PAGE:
About five years ago, when she was in her early fifties, my friend Nancy made a decision that surprised her family and friends. She was going back to school. And she was going to become a nurse.
“A nurse?” more than a few people responded. “Why would you want to go through all that schooling? Start a whole new career at this age? Nursing is not easy, you know.”
“I had been the primary caregiver for both my aunt and one of my very close friends during their final months,” Nancy told me. “And I found that I was a natural at it. Being able to do what I did for them showed me that I had a calling for nursing, even though I’d been doing something else for almost 30 years.”
That “something else” was working as a top-level executive assistant. Nancy had been the right-hand-woman to some of the most prominent corporate leaders at some of the largest firms in her city, in fields ranging from commercial real estate to publishing. Could she walk away from the world of designer suits and catered lunch meetings into the completely different world of scrubs and sandwiches from the cafeteria? She could, she did, and she’s never been happier. Nancy found that she was in good company, and plenty of it, as someone who chose a nursing career later in life.
Nancy, and others like her, knew going into it that beginning a nursing career is no small undertaking. As with any profession, good education, training and preparation for the realities of the job are essential to a candidate’s success, as is the support of one’s family and the ability to withstand the rigors of, perhaps, both attending school and working full time. Nurses, however, are in high demand, a situation that is expected to continue for decades so colleges and employers are finding ways to make classes and clinical assignments a viable option for those coming to nursing as working adults. If you already have a Bachelor’s degree, many schools have accelerated nursing (BSN) programs that allow you to earn your degree more quickly. There are also part-time nursing programs that let you continue to work full time in your current position while studying. And many schools offer some of their courses online so you can work from home, a valued convenience for many older nursing students.
What does it take to become a nurse, at any age? Of course, the love of working with people is paramount. An aptitude for math and science, excellent communication skills and thriving on intensity and a fast-paced environment are critical as well. Older nursing students, however, are especially valued by nursing schools and prospective employers, because they bring energy and focus to their studies and work. This may stem from their having arrived in the field after years of considering it and finally having the chance to bring all that’s inside them out and applied to the real world, or, like Nancy, finding their way to nursing after a life-changing experience.
Why does nursing appeal to people who may have spent 20 or more years in non-medical fields? In addition to the feeling of personal satisfaction, people in their forties or fifties may be thinking about that not-as-far-away-as-it-seems retirement age, and are looking for a career with excellent earning potential and job security to carry them through the next 20 years or more. Nursing certainly fits the bill. With nursing salaries on the rise and many different opportunities for employment (visiting nurse, hospice, administration, phone triage, as well as traditional patient care roles in hospitals and offices), new nurses in their fifties will have options far beyond what would be open to them in other professions.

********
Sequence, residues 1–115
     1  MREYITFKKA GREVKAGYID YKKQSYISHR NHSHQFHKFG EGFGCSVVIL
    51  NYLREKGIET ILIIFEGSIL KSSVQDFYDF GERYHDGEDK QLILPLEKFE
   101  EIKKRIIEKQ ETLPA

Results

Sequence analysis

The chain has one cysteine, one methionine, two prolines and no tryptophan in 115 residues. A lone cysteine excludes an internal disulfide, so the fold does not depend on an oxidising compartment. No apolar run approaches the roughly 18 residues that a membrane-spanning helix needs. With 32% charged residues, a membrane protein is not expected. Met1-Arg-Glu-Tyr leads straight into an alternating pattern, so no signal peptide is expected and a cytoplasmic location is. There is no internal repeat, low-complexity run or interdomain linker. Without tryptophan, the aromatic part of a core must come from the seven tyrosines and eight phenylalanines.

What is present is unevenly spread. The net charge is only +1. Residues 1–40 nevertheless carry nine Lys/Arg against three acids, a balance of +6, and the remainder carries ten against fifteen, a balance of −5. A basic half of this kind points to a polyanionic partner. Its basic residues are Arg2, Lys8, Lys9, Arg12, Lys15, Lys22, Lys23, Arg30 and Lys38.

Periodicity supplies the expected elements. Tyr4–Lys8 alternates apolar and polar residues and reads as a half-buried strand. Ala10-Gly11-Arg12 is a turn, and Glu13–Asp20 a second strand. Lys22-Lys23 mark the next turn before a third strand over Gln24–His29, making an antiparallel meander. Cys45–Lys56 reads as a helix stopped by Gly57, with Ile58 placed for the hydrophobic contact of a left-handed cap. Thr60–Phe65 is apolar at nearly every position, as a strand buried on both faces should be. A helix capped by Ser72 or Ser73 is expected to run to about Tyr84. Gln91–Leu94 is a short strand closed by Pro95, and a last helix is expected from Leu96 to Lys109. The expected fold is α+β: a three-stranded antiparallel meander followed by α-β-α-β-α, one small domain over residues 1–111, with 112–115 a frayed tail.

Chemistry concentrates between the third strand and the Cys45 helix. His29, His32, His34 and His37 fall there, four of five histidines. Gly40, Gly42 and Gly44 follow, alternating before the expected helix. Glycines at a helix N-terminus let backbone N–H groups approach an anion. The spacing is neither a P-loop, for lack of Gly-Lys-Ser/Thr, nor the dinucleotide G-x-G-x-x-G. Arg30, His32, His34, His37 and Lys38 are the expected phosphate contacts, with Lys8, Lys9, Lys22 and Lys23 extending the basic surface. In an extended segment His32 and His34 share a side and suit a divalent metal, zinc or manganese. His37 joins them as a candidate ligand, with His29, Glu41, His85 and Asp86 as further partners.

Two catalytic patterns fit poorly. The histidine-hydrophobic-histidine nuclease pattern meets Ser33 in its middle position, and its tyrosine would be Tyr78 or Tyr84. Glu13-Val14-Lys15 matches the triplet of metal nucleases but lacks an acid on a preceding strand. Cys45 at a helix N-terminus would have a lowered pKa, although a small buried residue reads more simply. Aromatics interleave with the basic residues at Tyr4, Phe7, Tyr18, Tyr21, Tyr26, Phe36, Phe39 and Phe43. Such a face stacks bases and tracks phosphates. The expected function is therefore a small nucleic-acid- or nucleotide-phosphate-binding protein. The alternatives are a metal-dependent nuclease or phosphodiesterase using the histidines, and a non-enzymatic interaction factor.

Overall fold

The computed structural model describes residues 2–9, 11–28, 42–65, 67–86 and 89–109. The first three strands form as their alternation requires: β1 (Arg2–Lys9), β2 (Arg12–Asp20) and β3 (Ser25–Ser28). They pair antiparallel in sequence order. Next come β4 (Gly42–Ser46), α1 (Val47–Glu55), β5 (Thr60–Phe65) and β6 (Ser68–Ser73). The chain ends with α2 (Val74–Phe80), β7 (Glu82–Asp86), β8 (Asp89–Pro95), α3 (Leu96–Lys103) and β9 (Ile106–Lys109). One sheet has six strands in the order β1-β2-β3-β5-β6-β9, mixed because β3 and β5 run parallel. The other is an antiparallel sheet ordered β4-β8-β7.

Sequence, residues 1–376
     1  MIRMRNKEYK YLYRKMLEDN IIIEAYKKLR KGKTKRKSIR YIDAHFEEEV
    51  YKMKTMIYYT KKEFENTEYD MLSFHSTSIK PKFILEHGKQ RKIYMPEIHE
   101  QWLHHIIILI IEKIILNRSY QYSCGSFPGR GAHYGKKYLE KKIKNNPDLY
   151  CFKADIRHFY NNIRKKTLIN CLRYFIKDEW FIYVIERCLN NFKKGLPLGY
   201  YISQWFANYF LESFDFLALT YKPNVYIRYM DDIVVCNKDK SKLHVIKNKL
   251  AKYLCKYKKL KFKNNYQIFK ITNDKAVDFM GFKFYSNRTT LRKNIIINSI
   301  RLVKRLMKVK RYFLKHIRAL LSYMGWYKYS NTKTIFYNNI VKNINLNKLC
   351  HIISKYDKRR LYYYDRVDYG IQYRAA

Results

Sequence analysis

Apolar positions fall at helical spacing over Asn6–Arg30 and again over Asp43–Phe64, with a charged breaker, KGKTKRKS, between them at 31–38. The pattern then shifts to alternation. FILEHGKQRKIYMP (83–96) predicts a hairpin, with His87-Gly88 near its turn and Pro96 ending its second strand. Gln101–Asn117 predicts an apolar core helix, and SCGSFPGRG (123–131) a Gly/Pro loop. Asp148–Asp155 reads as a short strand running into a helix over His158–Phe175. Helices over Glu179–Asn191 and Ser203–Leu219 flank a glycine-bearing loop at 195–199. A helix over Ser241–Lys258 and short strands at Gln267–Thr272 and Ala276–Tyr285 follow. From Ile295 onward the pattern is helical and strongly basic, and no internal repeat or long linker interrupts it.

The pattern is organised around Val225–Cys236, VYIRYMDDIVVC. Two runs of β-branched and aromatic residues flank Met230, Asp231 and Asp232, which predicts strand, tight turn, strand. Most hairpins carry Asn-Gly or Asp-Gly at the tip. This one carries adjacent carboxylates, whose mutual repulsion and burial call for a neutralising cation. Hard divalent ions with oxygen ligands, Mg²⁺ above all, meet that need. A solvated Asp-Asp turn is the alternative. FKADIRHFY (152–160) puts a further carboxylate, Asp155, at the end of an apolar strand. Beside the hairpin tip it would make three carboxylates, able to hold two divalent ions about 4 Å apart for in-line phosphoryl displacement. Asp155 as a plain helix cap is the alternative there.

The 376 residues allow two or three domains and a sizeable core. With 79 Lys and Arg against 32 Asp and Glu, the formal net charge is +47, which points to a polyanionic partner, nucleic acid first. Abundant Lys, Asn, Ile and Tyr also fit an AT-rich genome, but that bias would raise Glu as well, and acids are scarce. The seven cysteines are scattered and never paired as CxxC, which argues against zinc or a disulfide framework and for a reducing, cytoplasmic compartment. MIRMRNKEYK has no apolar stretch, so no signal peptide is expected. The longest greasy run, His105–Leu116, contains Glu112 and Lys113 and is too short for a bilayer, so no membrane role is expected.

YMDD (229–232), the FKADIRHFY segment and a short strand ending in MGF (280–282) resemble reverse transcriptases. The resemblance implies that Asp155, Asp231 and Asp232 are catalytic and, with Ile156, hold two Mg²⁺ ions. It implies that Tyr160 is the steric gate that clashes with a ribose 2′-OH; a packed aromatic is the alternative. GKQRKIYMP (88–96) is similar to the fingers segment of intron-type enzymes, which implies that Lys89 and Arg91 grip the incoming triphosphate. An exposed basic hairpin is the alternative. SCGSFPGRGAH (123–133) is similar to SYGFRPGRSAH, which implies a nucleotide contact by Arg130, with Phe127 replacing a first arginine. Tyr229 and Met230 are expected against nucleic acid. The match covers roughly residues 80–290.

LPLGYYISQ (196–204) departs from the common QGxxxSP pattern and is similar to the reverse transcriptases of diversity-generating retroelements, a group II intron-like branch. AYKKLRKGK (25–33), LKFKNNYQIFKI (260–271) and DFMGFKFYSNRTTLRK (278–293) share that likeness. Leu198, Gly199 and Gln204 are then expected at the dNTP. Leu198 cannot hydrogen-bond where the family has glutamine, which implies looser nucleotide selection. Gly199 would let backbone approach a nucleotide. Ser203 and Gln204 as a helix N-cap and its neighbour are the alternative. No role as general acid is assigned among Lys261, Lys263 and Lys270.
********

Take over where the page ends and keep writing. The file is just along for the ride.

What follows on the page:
Women aren’t alone in finding their way to nursing careers after spending decades doing “something else.” Men are turning to nursing as a second career in ever-increasing (though still small) numbers. The often say they desired to pursue nursing as college students, but concerns about societal perceptions led them down other paths of study. Later in life, with more perspective and confidence and years of other kinds of experience under their belts, often seeking more meaningful work, they’re able to return to school and become nurses. Many men who come to nursing as a second career gravitate to intense specialties, like ICU and ER, while others apply their “old life” business skills to hospital administration or management.
A Vanderbilt University School of Nursing study cites concerns that the average age of working RNs increased by 4.5 years between 1983 and 1998. At present, the average age of working RNs is approximately 45.4 years, a number which has increased by more than 3.5 years since 2000. And the nursing shortage of the last ten years is expected to continue if less young students choose the field while large cohorts of RNs retire. Nancy, for one, is looking forward to spending the next fifteen years at least fifteen years at the job she began after completing her degree and passing her boards: working in the post-anesthesia unit at the VA hospital in her city, where she did her first clinical rotation.
I love it here; I love the hospital, my patients and my co-workers,” she beams. “If I’d only known then what I know now.”